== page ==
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Category:    Home > Reviews > Documentary > Biography > Photography > Annie Leibovitz: Life Through A Lens (2006/Warner DVD)

Annie Leibovitz: Life Through A Lens (2006/Warner DVD)


Picture: C+     Sound: C+     Extras: B     Documentary: B



As the visual media world goes directly digital too fast for its own good, I was surprised to know that even swifter in still camera work than in motion pictures.  That may help when it comes to uploading images to computers and printing them in not-often-excellent JPEGs and secondary color and detail reproduction.  However, the best digital camera still cannot capture what the best still 35mm cameras and plate portrait work can and as was always the case, it takes a real great eye and amazing talent to bring the still photography world to life.  Annie Leibovitz is one of them.


Known for her groundbreaking work for Rolling Stone and Vanity Fair magazines, as well as other classic album and promo shots that have made her one of the most important still photographers of all time!  Now truer than ever in the digital era, Annie Leibovitz: Life Through A Lens (2006, directed by her partner, Barbara Leibovitz) shows the woman behind the camera, her motivations, life personality, ideas, approach, choices and other items that have made her one of the greatest Auteurs in the history of photography.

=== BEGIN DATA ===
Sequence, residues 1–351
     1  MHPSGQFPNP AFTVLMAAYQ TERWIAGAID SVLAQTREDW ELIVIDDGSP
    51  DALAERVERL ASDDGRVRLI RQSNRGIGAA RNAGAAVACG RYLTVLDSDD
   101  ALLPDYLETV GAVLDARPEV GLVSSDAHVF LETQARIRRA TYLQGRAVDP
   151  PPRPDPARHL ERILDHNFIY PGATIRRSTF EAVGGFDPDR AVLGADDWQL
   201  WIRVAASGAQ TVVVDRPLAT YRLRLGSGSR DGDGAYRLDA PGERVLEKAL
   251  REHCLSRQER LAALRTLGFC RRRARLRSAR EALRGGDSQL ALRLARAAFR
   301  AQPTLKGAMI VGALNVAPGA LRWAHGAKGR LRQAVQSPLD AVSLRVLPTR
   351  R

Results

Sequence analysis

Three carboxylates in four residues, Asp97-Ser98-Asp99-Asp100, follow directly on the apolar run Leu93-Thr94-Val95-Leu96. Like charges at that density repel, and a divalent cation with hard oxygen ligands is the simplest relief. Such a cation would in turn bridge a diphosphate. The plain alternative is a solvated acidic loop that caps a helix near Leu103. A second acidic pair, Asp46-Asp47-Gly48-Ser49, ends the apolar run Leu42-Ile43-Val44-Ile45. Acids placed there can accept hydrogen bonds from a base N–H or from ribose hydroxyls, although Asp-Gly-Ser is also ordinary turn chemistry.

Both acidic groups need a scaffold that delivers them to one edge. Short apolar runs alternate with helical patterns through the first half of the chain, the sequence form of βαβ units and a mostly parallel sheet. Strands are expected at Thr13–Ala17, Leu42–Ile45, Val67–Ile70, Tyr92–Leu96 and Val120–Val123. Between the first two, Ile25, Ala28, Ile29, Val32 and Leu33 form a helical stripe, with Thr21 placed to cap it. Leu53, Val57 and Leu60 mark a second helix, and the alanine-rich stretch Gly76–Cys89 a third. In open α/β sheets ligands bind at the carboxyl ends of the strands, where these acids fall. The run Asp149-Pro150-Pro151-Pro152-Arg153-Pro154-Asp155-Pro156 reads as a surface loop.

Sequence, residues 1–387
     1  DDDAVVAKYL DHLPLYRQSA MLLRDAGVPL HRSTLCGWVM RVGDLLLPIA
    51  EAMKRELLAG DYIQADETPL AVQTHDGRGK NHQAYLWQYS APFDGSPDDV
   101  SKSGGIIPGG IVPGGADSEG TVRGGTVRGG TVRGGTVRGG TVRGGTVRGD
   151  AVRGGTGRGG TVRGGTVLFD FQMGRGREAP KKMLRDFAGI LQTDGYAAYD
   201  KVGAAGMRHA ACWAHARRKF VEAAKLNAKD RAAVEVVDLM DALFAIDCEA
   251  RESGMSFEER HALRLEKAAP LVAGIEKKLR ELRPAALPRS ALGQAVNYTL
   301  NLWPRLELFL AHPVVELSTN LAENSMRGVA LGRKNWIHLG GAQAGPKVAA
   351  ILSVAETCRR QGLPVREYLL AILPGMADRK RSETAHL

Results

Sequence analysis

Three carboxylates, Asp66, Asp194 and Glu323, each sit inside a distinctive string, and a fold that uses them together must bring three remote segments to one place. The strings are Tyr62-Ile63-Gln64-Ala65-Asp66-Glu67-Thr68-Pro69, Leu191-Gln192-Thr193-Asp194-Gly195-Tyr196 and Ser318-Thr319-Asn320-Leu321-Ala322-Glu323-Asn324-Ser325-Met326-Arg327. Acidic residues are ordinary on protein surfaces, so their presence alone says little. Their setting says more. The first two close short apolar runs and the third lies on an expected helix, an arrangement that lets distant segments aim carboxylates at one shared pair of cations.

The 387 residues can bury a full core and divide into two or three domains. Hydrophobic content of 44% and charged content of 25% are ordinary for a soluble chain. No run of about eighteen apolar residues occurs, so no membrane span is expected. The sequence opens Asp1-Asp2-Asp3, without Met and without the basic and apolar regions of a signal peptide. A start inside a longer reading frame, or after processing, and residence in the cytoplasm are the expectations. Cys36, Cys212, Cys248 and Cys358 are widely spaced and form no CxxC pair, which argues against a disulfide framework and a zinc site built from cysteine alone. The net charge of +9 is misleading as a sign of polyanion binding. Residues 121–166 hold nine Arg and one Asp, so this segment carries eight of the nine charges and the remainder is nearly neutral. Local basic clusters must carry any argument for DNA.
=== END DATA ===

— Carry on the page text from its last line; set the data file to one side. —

The celebrity interview list is impressive, most of whom are friends and clients, including (but not limited to) Demi Moore, Arnold Schwarzenegger, Bette Midler, Hillary Rodham Clinton, Keith Richards, Patti Smith, Keira Knightley, Roseanne Cash, Yoko Ono and many notables in the publishing, fashion and photography world.  There is also her political work and documentary work, like showing powerful political figures in ways no one else can or even genocide.


Another interesting insight is into her current family and her former relationship with the late great writer/thinker Susan Sontag, her first life partner and it was a truly great match.  Sontag is ever underrated and her moments are golden here, as she rightly shares the sunlight with Leibovitz and it becomes another priceless moment in this impressive documentary.  Anyone serious about any visual arts or artists should mark this a must-see.


The anamorphically enhanced 1.85 X 1 image actually has various aspect ratios including bookended 1.33 X 1 and 1.78 X 1 oddly letterboxed in the 1.33 area.  The result is as varied as any other documentary, though the frames of her actual photography look especially goods and should be more vivid when this comes out on Blu-ray.  The Dolby Digital 2.0 Stereo has no real surrounds, but is nicely recorded throughout.  Extras include over an hour of extended interviews in five sections.



-   Nicholas Sheffo


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